I’ve always been drawn to little countries. You know, the sorts of places that are so small that there’s only room for two symbols on their television weather forecasts.
Perhaps it’s due to being Scottish or growing up on an island, but there’s something quite captivating about a small nation that exists independently and sustains its own government, identity and language when all its neighbours are significantly larger. Of course, it’s not an unusual concept in historical terms. You only have to go back as far as the 1800s to an era prior to the unifications of Germany and Italy, for instance, to find a Europe that was absolutely peppered with such micronations and city states.
In terms of Europe’s contemporary minnows I’ve been to the Faroe Islands, Lichtenstein, Luxembourg and San Marino, though in the case of the latter two it was less of a visit and more of a drive through on the motorway (en route, if I remember rightly, to Kosovo in 1999). They are fascinating places, their status often somewhat obscure and their existence usually a result of curious historical anomaly.
When I drove through Luxembourg, I recall stopping at a service station. This being the pre-euro era, I was amazed at how the cashiers were able to conduct transactions in multiple currencies, including those of France, Belgium, Germany and of course Luxembourg itself. Being something of a crossroads between some of Europe’s bigger powers, Luxembourg’s porous borders have been a great example of why aspects of European cooperation such as a single currency and shared approaches to migration and customs are immensely practical and important steps – in theory if not always in practice.
I was delighted a couple of weekends ago, then, to return to Luxembourg to see a bit more of the place. Nicole and I always try to go away around the time of our wedding anniversary, and it was my turn to organise this year.
The fun of our summer’s European overland journey fresh in our minds, it seemed natural to indulge our love of rail travel once more with a weekend trip to Luxembourg – achieved via a smooth and cheap triple-leg journey consisting of the sleeper to London (left), the Eurostar to Brussels, and the intercity train to Luxembourg.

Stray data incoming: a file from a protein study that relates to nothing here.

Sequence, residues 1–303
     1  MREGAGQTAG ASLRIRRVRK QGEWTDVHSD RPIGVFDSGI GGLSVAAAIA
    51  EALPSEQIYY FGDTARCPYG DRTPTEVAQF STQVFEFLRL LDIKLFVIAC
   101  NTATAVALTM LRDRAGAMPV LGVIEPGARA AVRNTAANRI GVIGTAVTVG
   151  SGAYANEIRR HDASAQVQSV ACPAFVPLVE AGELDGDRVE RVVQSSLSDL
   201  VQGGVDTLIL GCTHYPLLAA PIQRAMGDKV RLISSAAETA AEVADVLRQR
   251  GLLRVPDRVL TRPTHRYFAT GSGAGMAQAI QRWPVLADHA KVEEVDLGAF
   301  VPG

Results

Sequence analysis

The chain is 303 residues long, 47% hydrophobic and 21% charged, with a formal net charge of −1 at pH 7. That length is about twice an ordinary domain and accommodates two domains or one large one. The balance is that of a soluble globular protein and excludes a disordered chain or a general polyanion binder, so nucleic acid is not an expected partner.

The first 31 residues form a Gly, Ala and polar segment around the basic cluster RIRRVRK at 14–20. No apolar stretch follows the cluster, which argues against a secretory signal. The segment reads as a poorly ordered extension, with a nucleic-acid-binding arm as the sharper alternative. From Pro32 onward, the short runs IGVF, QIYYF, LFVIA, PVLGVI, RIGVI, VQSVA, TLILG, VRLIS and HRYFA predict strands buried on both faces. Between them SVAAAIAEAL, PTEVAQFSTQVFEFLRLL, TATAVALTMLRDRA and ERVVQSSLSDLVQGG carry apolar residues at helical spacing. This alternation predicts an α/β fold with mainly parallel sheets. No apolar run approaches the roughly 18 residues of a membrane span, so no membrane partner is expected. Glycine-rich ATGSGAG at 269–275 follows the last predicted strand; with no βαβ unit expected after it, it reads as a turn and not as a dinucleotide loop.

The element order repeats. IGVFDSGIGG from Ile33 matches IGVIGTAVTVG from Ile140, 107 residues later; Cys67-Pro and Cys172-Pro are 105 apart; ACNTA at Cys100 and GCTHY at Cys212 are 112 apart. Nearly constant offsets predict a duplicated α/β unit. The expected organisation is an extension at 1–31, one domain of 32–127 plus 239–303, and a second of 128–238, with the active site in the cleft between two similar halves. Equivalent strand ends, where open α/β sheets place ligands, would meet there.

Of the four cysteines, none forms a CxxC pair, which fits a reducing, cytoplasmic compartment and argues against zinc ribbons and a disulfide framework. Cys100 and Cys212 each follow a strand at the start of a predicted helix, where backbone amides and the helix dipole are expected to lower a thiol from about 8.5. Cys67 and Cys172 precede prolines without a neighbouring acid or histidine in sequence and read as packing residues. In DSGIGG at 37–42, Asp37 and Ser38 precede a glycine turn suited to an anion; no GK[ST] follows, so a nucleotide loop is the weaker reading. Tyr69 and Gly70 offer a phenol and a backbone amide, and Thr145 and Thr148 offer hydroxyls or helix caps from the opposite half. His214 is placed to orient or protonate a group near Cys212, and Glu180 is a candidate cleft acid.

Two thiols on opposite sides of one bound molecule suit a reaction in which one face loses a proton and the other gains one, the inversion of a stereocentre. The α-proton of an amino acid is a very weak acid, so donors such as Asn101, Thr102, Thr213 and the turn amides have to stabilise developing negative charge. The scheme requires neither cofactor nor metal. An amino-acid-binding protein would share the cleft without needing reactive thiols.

Though on a practical note, the tickets are not as simple as one for each leg. The Eurostar to Brussels actually includes the price of an onward journey to “any Belgian station”, meaning that the majority of our Brussels-Luxembourg journey was already paid for and we only had to buy a small supplement for the remainder. See the ever-indispensable Seat 61 for more details on this.
Our base for the weekend was Luxembourg’s capital, Luxembourg City – one of a surprisingly long list of capital cities that share their country’s name.
On the face of it, Luxembourg City is a curious place. Clearly very rich, pretty and compact, it was also quiet during our time there. We learned that there are something like 100,000 people who commute over the border each day for work from France or Germany, leaving it strangely empty over the weekends, especially at this time of year. That made finding a hotel and places to eat all the easier in what is otherwise a quite expensive place.
Two things make Luxembourg City tick. One is international banking and finance, and the other is the European Union. The city is home to a great many financial institutions, plus elements of the EU including the European Court of Justice. As such, you’re never too far from a grand building that seems to be a major headquarters of something or other. Or indeed a rather understated building that’s home to a very overstated company… can you see the logo in the photo on the right?
This small city barely bigger than Inverness is also, of course, the seat of government for Luxembourg, and every second building across the city seems to be a part of the governmental or parliamentary infrastructure. Even on quite unassuming side streets you’re likely to see a sign for an administrative function of the government, or a political party’s offices.
The Grand Duke’s Palace is in a central location and while it is a beautiful building it doesn’t exactly stand out amongst its neighbours – except for the lone soldier on guard at the front, marching up and down in front of it to take occasional breaks from trying not to smile at tourists’ photos.
Indeed, that Luxembourg is a Grand Duchy (enabling the inevitable jokes about passing the Duchy on the left-hand side) was particularly to the fore when we were there. Barely a month before our trip, the Crown Prince had got married to a Belgian countess, giving the country a royal wedding that must have been a big event for one of Europe’s smallest monarchies. Evidence of the pride and celebration that accompanied the occasion still lingered.
Luxembourg wasn’t, of course, all about hunting down banks, governmental institutions, or Royal Wedding paraphernalia. That would be quite a hellish concept for a holiday.
There was much more to take in, incluing the beautiful sights, fascinating history, curious language, and of course the incredible food.
All of which I’ll explore in later posts.